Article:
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Your skin microbes prove you're a 'dog person'

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By Meghan Holohan, NBC News contributor

If you’re a dog person, you may have more in common with your fellow dog owners than you even realize. 

New research shows that two strangers who both own dogs are more likely to share similar skin bacteria than a married couple without a dog in the home. The study also found that dogs have more skin bugs in common with their human owner than other dogs.

Researchers examined the skin of people who lived together – couples, couples with dogs, couples with children and couples with children and dogs – and found that the family dog very generously shares his skin bugs with his owners. The groups with dogs in the home shared more skin bacteria than any of the other cohabitating groups studied. Not surprisingly, doggy affection is behind all this sharing – dogs transmit their skin microbes to their people via tongue-to-skin, skin-to-skin or paw-to-skin contact.

If you’re not a dog person, you might find all of this a little gross. But remember, our skin is already teeming with thousands of kinds of bacteria, and those microbial colonies help keep us healthy by bolstering our immune systems or aiding digestion, for example. Plus, the researchers assure that picking up some doggy bacteria is not harmful to humans.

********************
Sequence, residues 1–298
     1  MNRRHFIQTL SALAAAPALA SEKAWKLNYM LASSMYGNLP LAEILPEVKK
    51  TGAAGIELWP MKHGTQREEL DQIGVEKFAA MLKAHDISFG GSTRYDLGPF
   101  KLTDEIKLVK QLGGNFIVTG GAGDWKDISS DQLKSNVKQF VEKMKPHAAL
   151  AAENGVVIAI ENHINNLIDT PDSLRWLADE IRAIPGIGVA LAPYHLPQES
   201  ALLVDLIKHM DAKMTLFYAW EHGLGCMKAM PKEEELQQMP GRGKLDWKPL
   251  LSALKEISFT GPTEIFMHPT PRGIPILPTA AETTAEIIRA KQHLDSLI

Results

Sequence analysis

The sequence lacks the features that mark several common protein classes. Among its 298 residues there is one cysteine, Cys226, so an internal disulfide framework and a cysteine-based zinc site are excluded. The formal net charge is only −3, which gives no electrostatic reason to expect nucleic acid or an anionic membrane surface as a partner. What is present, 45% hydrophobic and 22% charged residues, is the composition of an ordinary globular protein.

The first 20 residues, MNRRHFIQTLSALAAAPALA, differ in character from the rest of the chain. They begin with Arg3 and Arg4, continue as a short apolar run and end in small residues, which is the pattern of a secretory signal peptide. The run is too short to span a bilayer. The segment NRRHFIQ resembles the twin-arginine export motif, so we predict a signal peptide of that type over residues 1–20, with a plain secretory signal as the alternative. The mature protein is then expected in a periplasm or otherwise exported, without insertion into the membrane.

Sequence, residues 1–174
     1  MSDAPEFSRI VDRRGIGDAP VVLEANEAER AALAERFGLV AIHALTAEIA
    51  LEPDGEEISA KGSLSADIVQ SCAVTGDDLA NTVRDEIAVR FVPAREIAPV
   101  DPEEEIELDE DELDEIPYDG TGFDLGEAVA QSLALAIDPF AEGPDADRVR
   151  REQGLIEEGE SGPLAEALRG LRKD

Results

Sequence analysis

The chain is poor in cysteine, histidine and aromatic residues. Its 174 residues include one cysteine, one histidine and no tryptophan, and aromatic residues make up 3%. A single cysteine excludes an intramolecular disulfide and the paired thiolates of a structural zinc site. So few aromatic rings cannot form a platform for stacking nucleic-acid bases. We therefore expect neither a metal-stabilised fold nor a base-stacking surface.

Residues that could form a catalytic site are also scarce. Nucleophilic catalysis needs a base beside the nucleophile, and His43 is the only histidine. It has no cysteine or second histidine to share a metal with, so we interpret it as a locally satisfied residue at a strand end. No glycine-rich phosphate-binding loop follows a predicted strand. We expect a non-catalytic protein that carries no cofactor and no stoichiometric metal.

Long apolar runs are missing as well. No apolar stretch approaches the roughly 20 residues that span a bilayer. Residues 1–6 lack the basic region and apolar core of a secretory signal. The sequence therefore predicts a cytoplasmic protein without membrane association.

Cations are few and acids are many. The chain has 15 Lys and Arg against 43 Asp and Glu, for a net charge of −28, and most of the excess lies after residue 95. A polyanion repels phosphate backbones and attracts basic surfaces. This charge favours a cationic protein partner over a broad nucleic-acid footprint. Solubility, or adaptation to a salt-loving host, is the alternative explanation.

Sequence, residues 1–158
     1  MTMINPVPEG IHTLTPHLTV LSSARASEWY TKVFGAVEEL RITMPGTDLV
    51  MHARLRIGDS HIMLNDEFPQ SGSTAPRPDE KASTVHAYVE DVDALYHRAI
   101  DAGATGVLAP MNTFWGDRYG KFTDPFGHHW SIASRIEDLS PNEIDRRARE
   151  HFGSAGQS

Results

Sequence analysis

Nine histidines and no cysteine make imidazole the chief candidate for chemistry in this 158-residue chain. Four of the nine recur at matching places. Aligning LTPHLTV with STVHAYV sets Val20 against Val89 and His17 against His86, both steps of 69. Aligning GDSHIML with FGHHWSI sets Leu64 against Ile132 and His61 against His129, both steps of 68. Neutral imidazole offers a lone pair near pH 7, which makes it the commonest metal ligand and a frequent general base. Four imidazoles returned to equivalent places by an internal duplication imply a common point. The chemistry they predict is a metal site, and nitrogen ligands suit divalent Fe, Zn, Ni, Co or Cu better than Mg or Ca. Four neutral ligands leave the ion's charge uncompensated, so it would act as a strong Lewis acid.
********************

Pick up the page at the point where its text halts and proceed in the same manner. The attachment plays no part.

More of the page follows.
“Most of the dogs’ [microbes] will be more beneficial than harmful,” says Rob Knight, a co-author of the new report and an associate professor at the University of Colorado, Boulder. He points out that past studies have shown that kids who grow up with a dog in the home have lower rates of asthma and allergies.

Knight and his colleagues wanted to find out how cohabitating couples spread microbes, and if they contributed to each other’s microbiome – that’s the entire collection of microorganisms living in an environment (in this case, our bodies). They took oral, skin, and fecal samples from 159 people: 17 families with cohabitating children from six months to 18 years old; 17 families with one or more dogs but no children; eight families with both children and canines; and 18 families with no dogs or kids. The researchers also took samples oral, skin, and fecal samples from the dogs. They then analyzed all the samples to see how much overlap existed.  

He suspected that couples with young children would have the most microbes in common; kids seem like a hotbed of microbes and caring for them means couples face the same exposure. But that’s not the case – families with canine family members shared more microbes. Interestingly, the same isn't true for cat owners, possibly because our feline friends are less social. (Besides, everyone knows cats hate sharing.) When Spot bestows a lick of love, he’s also giving a gift of betaproteobacteria, and when he offers a paw shake it comes with a side of actinobacteria. These two doggy microbes were most often found on their owners’ skin.    

Even though the dog-human microbial bond is strong, Knight notes that families show evidence of having similar microbiomes. Even still, each person’s microbial makeup is singular. 

“It is fascinating how different and unique that the microbial communities on people are,” he says.

While it might make our skin crawl to consider that we have something like 100 trillion microbes in and on our bodies compared to our 10 trillion cells, Knight assures us that microbes are friendly.

“Microbes are actually helpful,” he says. “If most of the microbes were out to get us, we’d really be in trouble.”

The study appears at the online journal eLife. And if you're interested in participating in research mapping human microbes, sign up here.